King's views on the disparity in health care are especially relevant today while the U.S. is in the midst of health care reform.
As Monday was Martin Luther King Jr. Day, people took a look at how far social equality has come since the time of the great civil rights leader. King’s views on the disparity in health care are especially relevant today while the U.S. is in the midst of health care reform.
“Of all the forms of inequality, injustice in health care is the most shocking and inhumane,” King said
Kathleen Sebelius, secretary of Health and Human Services, released a statement before the holiday, honoring King and using his quote to support health care law, which the Supreme Court will rule on this year.
“As a department, we are committed to ensuring that all Americans achieve health equity by eliminating disparities and doing what we can to improve the health of all groups, including the poor and underserved,” Sebelius wrote.
She called the Affordable Care Act the most important way that HHS is improving health, specifically in that coverage will be expanded to 34 million American and that insurance companies won’t be able to deny coverage because of a pre-existing condition.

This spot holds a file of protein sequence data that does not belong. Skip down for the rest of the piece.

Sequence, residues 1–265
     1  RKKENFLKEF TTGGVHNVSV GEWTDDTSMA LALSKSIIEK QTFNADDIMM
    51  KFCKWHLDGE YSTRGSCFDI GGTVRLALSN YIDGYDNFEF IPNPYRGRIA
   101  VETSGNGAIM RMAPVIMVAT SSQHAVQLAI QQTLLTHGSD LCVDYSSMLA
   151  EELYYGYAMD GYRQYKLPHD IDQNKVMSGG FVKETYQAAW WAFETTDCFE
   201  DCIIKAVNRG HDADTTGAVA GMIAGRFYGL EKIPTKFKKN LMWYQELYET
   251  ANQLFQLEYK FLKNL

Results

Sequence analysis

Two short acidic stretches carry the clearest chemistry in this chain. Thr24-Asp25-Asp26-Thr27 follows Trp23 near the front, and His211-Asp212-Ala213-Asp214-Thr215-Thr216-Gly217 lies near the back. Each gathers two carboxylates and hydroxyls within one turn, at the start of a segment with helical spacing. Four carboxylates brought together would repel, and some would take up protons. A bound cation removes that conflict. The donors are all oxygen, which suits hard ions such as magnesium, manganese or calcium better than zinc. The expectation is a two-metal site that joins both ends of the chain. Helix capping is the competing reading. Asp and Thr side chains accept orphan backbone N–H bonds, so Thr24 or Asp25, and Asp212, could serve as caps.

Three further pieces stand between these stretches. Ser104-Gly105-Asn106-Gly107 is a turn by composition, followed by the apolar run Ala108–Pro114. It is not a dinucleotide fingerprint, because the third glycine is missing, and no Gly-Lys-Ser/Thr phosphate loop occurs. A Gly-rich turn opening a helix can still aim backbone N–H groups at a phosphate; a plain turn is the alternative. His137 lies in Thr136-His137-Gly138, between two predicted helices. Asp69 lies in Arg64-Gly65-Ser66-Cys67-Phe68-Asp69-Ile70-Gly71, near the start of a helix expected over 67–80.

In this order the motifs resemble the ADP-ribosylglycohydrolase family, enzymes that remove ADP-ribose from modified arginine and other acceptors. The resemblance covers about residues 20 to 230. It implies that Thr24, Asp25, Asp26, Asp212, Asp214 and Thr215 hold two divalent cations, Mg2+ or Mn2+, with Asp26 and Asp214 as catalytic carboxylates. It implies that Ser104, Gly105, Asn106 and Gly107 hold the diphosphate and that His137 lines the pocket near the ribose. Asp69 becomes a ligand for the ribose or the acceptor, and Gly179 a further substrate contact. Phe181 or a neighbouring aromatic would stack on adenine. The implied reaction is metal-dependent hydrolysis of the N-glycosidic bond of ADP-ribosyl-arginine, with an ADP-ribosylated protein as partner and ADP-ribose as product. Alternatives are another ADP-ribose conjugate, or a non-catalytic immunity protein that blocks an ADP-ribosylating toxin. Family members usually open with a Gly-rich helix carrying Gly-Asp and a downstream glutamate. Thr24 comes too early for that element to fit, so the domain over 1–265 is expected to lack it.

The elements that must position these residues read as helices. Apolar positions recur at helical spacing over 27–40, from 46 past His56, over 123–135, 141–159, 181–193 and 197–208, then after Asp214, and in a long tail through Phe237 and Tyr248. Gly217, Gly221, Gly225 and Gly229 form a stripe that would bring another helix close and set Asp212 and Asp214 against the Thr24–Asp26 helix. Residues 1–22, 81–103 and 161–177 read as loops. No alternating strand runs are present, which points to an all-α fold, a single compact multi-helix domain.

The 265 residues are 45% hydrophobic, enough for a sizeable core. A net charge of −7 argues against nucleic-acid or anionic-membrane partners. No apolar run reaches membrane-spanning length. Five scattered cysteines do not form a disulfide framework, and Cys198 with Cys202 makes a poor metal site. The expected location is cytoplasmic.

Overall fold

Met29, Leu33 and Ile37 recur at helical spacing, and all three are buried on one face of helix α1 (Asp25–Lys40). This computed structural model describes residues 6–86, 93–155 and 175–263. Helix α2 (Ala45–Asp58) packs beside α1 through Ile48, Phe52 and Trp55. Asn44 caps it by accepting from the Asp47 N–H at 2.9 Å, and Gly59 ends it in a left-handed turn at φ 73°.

Despite that, there is definite inequality when it comes to health insurance. The Kaiser Family Founder reported that in 2010 almost a third of Hispanics and 22% of blacks were uninsured. However, only 14% of whites were uninsured. Forty-one percent of low-income adults and 45% of poor adults were uninsured.
An opinion piece for the says that the ACA addresses exactly those disparities that King fought to fix.
“Perhaps one of the greatest contributors to continuing health disparities in the United States is insurance coverage. There is a demonstrated link between poor health and lack of insurance. And while minorities make up roughly a third of the U.S. population, they account for more than half the nation's uninsured.”
at the 1966 convention of the Medical Committee for Human Rights